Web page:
Centennial’s Antonio Camacho: The Fastest Sophomore in the Country

Jeramy Stavlas

The Centennial boys’ cross country and track teams saw great success last year, finishing second in the 3A Cross Country State Championship. With a great history and even better coaching staff, it was clear that the team would be a threat to opposing schools, but what was not expected was the rise of freshman Antonio Camacho. 

Now a sophomore, Camacho’s track 5k time of 14:51 ranks third in the nation for this school year amongst all grades, and holds the second fastest high school track 5k time in Maryland over the past decade.

“At a younger age, I was always good at running,” Camacho said. Growing up playing soccer, he thought he would continue on with the sport through high school. After word of Camacho’s speed had spread to the coaches, he was persuaded to join the cross country team instead, and found himself immediately in love with the sport. “I knew I’d be decent… but I didn’t know I’d be as good as I am now.”

With coaches Robert Slopek and Kevin McCoy noticing the steady improvement in Camacho’s times throughout his freshman cross country season, they were able to form the perfect training plan to get Camacho to where he is today. Camacho claimed, “I would be nowhere near as good without them. A lot of my success is from them.”

Being one of two freshmen to race in the mile at last year’s Maryland 3A Indoor Track State Championships, Camacho finished second overall, only 0.14 seconds behind first, with a time of 4:22.76. Camacho did not believe that being younger than most of his competition was an excuse to lose. “When I look at it, I don’t really see ‘oh they’re a senior, it’s okay that I lost,’” Camacho explained. “‘We’re the same. I’m trying to win, he’s trying to win too.’”

Shortly after, the outbreak of COVID-19 resulted in the cancellation of the 2020 outdoor track season, not giving Camacho a chance to redeem himself. “When [the team] heard about COVID and everything got cancelled, we kept training and we kept working hard,” he stated. Camacho has tried not to let the disappointment of missing part of his high school running career take a toll on his training and performance, but instead has made sure he is prepared for the upcoming seasons. “I knew we weren’t really going to race, but I’m still young and every single time I go for a run I’m still improving,” remarked Camacho.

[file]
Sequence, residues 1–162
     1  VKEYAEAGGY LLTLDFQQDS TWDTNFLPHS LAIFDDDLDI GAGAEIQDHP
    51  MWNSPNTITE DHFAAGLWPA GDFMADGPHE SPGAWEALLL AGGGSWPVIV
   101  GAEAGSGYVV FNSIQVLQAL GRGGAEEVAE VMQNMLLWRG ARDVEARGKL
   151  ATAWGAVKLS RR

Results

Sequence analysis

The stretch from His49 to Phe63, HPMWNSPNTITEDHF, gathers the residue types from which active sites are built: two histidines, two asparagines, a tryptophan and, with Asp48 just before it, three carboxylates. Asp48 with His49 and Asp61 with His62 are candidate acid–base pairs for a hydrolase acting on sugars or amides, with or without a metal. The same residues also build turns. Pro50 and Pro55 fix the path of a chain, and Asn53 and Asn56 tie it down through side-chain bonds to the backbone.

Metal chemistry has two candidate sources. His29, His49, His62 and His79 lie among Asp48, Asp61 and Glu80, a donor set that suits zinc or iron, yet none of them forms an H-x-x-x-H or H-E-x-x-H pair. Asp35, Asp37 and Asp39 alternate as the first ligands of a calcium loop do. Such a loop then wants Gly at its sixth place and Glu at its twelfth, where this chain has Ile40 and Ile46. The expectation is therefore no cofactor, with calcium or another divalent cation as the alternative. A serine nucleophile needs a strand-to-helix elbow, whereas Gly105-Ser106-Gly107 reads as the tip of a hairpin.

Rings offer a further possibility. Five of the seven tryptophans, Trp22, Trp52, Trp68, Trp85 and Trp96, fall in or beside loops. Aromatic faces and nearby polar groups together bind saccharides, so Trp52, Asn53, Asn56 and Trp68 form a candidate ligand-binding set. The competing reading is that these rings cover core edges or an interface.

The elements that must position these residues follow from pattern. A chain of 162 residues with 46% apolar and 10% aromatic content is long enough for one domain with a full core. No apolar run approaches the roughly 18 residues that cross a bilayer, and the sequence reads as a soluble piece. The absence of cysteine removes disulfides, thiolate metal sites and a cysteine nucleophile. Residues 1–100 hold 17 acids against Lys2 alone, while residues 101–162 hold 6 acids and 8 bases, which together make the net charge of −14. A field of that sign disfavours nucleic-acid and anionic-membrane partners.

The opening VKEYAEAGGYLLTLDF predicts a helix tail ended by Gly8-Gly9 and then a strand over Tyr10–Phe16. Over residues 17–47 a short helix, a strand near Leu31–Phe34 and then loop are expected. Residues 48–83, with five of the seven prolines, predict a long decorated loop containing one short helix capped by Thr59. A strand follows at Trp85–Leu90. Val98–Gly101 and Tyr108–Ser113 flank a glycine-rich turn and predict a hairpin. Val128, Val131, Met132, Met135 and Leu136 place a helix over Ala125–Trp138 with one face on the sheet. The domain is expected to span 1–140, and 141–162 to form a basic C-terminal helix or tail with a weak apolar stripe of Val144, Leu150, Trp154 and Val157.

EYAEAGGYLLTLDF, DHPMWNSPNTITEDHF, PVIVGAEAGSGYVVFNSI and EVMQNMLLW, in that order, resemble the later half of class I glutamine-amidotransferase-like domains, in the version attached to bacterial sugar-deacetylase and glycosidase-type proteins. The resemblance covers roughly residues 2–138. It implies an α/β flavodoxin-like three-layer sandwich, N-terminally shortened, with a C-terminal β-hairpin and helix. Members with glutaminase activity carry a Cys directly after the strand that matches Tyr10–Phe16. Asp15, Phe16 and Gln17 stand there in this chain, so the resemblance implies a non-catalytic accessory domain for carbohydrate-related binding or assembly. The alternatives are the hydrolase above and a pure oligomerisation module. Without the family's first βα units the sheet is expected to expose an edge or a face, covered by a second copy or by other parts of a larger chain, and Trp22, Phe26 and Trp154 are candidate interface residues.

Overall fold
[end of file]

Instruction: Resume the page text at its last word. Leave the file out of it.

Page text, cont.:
As a sophomore, Camacho competes in races for the Ellicott City Track Club. Although not running under the Centennial name itself, Camacho has continued to impress, setting personal records and proving his hard work has paid off. 

According to many professionals, running is said to be 90% mental and 10% physical. Competing in a race can be exhausting, and a strong and positive mindset is key to being a successful runner. “It hurts so bad I want to stop,” Camacho claimed. “But I think about how much training I’ve done, how hard I’ve worked, and how I want to win.”

He hopes to carry this mentality throughout the rest of his high school career and beyond, looking to continue on with his running journey through college. With nine more sports seasons to go before his graduation, this is only the beginning for Camacho.


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